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Familial Cystic Parathyroid Adenomatosis

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Grant support: by the Veterans Administration and grant RR00350-11 from the National Institutes of Health.

▸Requests for reprints should be addressed to Lawrence E. Mallette, M.D., Ph.D.; Medical Service IIIE, Veterans Administration Medical Center, 2002 Holcombe Boulevard; Houston, TX 77030.

Houston, Texas

©1987 American College of PhysiciansAmerican College of Physicians

Ann Intern Med. 1987;107(1):54-60. doi:10.7326/0003-4819-107-1-54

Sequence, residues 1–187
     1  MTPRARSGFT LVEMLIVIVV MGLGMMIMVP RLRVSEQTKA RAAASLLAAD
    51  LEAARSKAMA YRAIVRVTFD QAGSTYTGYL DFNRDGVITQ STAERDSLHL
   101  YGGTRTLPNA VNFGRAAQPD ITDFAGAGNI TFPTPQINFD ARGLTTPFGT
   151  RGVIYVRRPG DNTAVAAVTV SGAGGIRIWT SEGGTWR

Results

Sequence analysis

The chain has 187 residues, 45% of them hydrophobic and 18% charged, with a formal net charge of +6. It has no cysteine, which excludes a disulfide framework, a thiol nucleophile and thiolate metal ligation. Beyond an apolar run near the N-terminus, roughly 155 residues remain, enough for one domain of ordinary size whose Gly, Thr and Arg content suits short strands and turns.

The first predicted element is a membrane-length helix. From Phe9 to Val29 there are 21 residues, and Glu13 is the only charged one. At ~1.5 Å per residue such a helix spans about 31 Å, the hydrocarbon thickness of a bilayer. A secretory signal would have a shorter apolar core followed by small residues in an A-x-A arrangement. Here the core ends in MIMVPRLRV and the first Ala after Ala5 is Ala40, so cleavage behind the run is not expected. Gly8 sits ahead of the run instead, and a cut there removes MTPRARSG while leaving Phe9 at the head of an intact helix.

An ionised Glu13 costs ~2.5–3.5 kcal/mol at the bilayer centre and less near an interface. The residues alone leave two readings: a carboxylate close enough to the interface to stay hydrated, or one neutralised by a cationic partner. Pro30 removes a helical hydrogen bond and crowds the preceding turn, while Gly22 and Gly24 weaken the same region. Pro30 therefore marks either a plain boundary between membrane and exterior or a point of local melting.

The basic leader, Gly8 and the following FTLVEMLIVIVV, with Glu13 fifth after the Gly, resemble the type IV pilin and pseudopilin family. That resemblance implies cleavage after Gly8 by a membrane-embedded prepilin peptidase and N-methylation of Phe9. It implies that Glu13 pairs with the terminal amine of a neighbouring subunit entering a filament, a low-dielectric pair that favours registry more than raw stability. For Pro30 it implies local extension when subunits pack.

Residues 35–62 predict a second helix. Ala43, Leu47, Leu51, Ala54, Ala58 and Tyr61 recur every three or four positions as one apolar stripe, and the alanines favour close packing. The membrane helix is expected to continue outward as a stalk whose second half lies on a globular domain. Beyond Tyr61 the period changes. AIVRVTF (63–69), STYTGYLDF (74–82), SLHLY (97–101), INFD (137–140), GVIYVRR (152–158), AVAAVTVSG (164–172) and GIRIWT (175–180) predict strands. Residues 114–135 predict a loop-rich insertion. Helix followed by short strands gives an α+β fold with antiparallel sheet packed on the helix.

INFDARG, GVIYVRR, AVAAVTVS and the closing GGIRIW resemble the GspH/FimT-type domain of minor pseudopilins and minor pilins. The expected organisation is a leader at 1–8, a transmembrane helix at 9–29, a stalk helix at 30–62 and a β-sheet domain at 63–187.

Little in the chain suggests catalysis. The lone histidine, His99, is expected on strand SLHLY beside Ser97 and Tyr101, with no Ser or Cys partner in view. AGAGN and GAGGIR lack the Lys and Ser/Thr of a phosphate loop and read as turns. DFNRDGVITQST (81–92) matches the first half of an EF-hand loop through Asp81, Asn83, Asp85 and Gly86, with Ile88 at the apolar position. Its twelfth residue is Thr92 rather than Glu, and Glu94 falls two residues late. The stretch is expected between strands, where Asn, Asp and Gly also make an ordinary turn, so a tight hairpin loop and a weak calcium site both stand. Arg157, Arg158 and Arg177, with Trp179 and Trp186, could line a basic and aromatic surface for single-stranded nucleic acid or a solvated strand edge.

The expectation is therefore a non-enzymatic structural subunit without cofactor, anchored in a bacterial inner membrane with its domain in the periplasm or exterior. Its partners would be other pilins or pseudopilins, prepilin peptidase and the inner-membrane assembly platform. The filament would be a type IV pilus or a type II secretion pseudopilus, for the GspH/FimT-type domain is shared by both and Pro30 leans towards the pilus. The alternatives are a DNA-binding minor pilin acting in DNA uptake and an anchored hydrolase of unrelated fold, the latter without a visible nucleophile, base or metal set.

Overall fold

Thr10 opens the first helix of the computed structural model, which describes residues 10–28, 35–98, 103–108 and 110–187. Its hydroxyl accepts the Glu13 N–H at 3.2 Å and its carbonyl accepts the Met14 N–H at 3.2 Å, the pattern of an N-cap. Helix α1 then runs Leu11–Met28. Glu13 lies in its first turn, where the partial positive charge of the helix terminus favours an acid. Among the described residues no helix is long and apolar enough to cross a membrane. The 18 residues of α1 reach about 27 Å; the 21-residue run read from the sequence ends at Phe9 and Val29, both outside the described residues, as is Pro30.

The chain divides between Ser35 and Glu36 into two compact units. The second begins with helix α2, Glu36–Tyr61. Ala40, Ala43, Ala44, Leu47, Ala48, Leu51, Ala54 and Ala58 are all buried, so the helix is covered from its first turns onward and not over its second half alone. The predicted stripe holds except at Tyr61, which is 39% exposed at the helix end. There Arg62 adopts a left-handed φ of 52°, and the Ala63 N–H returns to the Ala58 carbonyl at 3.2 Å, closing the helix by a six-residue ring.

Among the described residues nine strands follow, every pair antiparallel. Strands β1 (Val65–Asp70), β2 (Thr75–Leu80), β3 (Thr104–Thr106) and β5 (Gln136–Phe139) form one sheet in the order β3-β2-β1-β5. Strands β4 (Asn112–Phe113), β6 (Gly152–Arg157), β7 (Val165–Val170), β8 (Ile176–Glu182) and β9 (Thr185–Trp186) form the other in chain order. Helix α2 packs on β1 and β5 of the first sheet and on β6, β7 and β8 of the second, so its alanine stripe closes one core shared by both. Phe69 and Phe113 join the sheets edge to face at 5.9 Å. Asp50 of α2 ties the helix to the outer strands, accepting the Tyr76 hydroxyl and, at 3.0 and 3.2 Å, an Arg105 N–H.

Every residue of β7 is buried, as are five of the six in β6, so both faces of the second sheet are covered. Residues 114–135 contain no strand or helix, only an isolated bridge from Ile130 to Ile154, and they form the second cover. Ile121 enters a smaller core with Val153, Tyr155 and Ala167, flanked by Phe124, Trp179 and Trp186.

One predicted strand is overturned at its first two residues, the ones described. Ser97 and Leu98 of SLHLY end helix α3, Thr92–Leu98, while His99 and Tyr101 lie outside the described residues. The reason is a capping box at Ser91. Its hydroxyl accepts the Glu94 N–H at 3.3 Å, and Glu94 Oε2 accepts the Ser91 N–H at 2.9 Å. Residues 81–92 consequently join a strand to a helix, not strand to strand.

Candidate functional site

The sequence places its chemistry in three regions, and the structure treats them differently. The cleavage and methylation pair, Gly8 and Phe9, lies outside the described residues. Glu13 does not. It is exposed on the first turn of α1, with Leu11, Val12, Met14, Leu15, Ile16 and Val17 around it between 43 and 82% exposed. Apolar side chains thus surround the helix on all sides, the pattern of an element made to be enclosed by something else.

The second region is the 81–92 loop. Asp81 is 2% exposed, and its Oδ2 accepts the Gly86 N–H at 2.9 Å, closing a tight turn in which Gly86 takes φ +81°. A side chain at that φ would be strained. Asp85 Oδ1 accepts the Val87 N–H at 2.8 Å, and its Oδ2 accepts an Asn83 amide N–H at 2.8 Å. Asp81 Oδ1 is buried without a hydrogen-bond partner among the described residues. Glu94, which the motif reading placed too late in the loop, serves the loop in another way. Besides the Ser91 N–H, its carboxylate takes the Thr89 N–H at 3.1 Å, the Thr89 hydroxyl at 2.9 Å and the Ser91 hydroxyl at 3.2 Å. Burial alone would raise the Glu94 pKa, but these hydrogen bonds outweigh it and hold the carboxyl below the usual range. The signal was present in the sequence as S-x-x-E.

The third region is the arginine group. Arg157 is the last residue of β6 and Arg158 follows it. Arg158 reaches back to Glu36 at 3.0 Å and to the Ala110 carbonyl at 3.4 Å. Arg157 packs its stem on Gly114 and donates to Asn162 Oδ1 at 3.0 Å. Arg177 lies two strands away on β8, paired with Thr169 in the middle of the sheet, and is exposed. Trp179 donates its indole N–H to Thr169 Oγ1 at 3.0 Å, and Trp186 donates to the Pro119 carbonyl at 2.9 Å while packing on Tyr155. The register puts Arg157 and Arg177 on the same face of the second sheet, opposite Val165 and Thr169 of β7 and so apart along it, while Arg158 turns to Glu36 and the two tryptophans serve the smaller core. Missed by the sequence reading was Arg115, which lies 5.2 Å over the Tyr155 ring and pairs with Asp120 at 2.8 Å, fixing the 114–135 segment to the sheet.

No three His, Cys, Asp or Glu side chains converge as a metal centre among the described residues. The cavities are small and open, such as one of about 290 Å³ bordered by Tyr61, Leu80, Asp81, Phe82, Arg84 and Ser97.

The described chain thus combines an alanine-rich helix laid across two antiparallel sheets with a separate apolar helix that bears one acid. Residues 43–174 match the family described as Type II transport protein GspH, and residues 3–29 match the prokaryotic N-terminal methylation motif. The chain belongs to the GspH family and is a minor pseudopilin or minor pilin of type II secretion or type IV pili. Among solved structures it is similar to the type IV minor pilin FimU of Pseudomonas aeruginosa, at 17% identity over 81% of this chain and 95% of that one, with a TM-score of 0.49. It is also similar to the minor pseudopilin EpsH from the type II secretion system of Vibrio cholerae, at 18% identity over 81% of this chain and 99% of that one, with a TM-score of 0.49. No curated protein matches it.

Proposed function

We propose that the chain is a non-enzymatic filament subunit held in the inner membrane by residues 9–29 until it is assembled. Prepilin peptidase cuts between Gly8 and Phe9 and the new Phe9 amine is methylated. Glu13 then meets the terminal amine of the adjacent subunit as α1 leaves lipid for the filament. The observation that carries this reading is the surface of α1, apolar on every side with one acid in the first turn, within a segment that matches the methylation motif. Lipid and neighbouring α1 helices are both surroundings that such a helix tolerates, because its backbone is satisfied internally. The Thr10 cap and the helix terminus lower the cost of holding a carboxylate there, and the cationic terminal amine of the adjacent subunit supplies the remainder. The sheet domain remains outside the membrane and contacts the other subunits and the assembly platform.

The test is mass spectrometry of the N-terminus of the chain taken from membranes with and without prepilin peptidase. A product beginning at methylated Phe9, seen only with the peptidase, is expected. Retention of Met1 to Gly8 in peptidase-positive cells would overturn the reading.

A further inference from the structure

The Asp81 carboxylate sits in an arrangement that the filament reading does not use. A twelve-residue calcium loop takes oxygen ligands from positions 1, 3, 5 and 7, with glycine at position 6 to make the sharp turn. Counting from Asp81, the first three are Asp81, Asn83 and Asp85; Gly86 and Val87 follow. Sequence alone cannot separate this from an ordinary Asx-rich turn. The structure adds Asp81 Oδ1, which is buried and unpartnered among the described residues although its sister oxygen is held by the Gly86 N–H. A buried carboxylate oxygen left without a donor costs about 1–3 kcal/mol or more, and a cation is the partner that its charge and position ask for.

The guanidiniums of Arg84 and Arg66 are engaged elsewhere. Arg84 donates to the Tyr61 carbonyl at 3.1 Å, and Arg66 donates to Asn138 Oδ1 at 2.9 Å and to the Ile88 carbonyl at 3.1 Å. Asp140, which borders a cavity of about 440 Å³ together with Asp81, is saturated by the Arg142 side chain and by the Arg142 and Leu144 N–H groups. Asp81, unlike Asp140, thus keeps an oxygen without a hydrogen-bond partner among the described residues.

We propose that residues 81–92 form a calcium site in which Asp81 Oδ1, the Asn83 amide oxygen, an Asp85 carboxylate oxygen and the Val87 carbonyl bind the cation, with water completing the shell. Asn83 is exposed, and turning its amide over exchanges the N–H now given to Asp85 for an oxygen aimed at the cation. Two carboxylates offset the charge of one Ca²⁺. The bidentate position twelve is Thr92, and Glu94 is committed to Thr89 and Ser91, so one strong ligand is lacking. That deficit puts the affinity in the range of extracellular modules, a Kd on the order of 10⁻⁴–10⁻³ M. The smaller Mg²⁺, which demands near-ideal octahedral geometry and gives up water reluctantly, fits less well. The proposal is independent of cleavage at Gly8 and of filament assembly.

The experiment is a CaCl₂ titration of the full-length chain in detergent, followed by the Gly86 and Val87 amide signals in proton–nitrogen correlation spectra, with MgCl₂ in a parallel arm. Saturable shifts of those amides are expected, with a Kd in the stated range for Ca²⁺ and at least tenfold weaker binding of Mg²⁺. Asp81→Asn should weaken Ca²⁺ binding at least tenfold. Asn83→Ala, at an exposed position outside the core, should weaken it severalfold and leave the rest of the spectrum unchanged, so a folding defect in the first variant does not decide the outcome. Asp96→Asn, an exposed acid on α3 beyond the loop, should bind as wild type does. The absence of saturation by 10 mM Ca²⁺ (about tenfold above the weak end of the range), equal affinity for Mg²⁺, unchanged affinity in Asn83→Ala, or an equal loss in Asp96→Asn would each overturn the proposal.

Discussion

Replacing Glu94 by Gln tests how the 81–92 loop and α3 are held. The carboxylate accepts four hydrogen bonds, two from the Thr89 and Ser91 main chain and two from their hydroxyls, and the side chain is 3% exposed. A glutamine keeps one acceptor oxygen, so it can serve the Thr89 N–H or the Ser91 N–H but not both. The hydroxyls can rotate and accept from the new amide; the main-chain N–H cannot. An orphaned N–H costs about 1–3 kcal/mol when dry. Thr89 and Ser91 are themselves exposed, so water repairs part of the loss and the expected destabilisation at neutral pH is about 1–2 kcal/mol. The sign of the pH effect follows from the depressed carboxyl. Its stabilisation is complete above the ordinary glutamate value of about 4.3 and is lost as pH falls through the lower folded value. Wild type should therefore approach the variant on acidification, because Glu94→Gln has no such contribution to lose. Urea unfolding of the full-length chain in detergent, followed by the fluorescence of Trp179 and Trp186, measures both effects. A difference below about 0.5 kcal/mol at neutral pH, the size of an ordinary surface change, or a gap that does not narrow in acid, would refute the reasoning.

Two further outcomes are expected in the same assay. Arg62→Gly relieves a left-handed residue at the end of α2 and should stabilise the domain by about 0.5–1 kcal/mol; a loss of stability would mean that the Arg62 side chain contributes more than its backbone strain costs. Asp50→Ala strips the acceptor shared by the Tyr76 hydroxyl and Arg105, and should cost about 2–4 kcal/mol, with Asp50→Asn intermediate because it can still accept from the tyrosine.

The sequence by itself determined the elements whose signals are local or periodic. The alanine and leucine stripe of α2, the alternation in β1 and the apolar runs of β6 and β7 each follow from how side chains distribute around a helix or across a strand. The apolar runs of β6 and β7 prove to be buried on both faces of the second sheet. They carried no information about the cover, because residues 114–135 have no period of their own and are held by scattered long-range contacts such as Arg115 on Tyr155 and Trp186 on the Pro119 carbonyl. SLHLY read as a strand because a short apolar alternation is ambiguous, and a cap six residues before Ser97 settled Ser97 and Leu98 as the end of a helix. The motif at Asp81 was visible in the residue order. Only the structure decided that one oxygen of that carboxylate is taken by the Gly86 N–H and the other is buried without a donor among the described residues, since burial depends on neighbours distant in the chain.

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Although the commonest familial form of primary hyperparathyroidism is parathyroid hyperplasia, a few families have manifested parathyroid adenomas. We describe a family in which four members developed cystic parathyroid adenomas. Although calcium levels returned to normal after resection of the adenoma, a second adenoma would often develop several years later (we have termed this temporal sequence adenomatosis). Each adenoma had a cystic histologic appearance, and three of four normal-sized parathyroid glands also contained many cysts. No other endocrine tumors have appeared, but in three patients the hyperparathyroidism was complicated by fibrous maxillary or mandibular tumors that resembled ossifying fibromas rather than the brown tumors generally found in patients with hyperparathyroidism. Each patient with an adenoma was hypercalciuric, but two were obligate carriers of hypocalciuric hypercalcemia. This familial occurrence of the rare cystic parathyroid adenoma suggests the presence of a distinct hereditary syndrome. The genetic basis may be the simultaneous inheritance of familial hypocalciuric hypercalcemia and another trait that may increase the urinary excretion of calcium.





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